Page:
China remained India’s largest supplier of imports in the fiscal year that ended on March 31, with shipments increasing 4.16 percent to $98.51 billion, but seeing a decline in its percentage of total shipments.
According to figures issued by the commerce ministry, India’s trade imbalance with China expanded in FY23, driven by an increase in imports and a decrease in exports. Exports from India to China fell 28% to $15.3 billion. From $72.9 billion in FY22, the trade imbalance increased to $77.6 billion in FY23.
The information is released amid ongoing worries about dependency on China for essential inputs and raw commodities. India launched a flurry of production-linked incentive programmes to promote indigenous manufacturing and draw in foreign capital as nations look to reduce their reliance on the second-largest economy in the world.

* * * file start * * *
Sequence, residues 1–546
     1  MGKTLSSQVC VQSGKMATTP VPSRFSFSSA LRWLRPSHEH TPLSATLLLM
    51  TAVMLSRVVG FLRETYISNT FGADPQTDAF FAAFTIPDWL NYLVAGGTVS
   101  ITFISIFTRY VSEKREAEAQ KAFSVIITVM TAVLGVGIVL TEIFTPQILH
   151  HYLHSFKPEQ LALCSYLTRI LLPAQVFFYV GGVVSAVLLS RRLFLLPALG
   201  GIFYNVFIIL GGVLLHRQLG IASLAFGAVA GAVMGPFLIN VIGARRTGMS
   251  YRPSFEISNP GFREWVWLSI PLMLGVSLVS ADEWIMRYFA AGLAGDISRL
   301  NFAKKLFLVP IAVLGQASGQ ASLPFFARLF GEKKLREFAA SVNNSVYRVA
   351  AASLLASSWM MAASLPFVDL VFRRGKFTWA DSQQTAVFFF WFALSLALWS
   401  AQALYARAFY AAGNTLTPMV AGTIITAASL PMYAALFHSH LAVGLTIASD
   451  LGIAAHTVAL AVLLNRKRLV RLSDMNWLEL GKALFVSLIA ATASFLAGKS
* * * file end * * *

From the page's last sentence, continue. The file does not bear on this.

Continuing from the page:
India has become a more appealing investment location as a result of supply chain interruptions caused by pandemics, the US-China trade war, and geopolitical tensions. Calls to reduce commercial relations had been made as a result of border tensions between China and India.
Even yet, the administration maintained a realistic perspective on commerce with the larger neighbour.
Despite the fact that imports have increased overall, China’s proportion in India’s imports decreased from 15.43 percent in FY22 to 13.79 percent in FY23. According to the official, this started happening when fertilisers and electrical products began to arrive from other nations.
With shares of 7.45 percent and 7.03 percent in India’s import basket, the UAE and the US came in second and third, respectively.